Buchman conceded that she was so accustomed to the Claiborne and Ortenberg way of conducting business — mixing fashion instinct with business acumen — that she was challenged to overcome her initial reservations regarding the regime change at Liz Claiborne.
Charron, who joined Claiborne in 1994 as vice chairman, chief operating officer and a director and became president and ceo in 1995, was a Harvard Business School graduate and had held executive positions at VF Corp. and Procter & Gamble. Buchman noted that the company’s principles became “more classic Harvard Business School.”
“At first, I was skeptical,” Buchman admitted. “When I first came to the garment center in the Seventies, most companies were run by designers and business partners who just lived and breathed clothes and made their decisions intuitively. Art and Liz would look at a sweater and know how big a seller it would be. Paul brought more general business practices to the company. When [management] changed, I had to learn to accept doing things in a different way by using classic business practices.
She noted that Charron brought in “great new ideas, like leadership training, executive off-site meetings and the concept of ‘best practices,’ where one company looks at how another operates. He has also brought a lot of management training. Paul really understands the business, and I learned so much about the business side.
“That said, if Liz and Art were here now, they’d be running it like Paul,” she added. “You just do it differently now. I have actually enjoyed this phase. The world is also different now from when Art and Liz retired.”
Indeed, the bridge sector has become more challenging in recent years, owing to such factors as consolidation and closures of many major department store chains, and the casual fashion trend that has resulted in the rise of items and the decline of coordinates.
In recent seasons, Buchman has made a concerted effort to update her aesthetic, growing her denim division and adding trendier items to the line. Like Claiborne and Ortenberg, Charron gives her a creative carte blanche and supports her where necessary. “I still get the benefit of financial base, terrific shipping and operational expertise,” she said. “The company recognizes how important it is for the brand to have its own expression. Each brand brings something different to the company.”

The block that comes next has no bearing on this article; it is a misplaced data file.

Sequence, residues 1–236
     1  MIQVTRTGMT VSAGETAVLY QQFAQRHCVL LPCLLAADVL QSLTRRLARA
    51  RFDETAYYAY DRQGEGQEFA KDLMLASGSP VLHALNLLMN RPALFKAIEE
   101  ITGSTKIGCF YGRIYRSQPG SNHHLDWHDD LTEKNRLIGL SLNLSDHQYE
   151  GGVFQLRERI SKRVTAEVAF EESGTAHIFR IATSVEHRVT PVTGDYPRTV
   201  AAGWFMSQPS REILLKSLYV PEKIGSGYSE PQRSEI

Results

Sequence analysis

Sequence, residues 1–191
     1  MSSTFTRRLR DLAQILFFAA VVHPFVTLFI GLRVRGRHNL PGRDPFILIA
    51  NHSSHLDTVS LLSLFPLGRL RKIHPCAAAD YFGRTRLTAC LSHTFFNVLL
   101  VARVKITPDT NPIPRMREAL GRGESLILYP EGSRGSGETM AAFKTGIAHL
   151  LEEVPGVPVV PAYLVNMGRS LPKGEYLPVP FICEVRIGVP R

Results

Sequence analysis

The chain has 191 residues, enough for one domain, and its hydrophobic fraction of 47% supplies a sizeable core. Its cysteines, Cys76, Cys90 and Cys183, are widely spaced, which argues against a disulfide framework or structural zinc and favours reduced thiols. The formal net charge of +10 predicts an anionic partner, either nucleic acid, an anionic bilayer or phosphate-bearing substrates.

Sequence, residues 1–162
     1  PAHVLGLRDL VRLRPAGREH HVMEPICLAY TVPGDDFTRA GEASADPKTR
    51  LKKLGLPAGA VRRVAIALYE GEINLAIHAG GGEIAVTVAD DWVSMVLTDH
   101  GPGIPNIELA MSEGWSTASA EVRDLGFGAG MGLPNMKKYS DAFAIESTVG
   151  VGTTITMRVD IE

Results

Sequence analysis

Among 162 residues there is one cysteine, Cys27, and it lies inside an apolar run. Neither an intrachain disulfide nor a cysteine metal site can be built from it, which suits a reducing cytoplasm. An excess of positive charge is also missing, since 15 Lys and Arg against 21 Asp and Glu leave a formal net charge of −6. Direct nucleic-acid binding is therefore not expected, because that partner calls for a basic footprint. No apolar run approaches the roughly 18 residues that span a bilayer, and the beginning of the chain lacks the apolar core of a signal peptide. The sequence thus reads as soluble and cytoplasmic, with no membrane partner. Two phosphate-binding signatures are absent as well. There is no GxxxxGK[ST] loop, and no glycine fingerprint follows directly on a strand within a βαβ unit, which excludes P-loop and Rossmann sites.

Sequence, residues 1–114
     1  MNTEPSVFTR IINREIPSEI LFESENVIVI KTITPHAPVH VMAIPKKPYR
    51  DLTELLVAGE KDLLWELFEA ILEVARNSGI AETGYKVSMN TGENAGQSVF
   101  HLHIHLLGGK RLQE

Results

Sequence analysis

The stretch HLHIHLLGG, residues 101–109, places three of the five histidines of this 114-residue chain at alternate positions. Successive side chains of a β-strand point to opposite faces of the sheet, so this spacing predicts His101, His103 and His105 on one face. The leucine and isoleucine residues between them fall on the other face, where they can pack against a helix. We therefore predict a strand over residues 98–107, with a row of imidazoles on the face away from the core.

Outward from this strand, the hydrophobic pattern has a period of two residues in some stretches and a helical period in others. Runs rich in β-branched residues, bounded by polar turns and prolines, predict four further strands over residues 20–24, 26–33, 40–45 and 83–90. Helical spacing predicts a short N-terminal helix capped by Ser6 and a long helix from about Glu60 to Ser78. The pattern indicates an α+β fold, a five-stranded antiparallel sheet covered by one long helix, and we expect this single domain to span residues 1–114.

The Buchman brand currently has five stores — New York; Las Vegas; Boca Raton and Palm Beach, Fla., and Scottsdale, Ariz. A store recently closed at the Americana Manhasset; at the time, executives said it didn’t fit in with the label’s current strategy.
Buchman said there is no competition between the bridge brands in the Claiborne portfolio, which includes Ellen Tracy and Laundry by Shelli Segal. Still, relations are cordial but everyone keeps business matters to themselves. “Ellen Tracy is the label that is closest to me, and [Ellen Tracy creative director] George Sharp and I are friends, but I don’t show up at his show or discuss fabrics with him,” she said.
As for the future, Buchman hopes to grow her business by opening more stores and possibly expanding the line to handbags, shoes and jewelry. But for now, her main focus remains clothing.
“What hasn’t changed in all these years is how women still love the thrill of having something new,” Buchman said.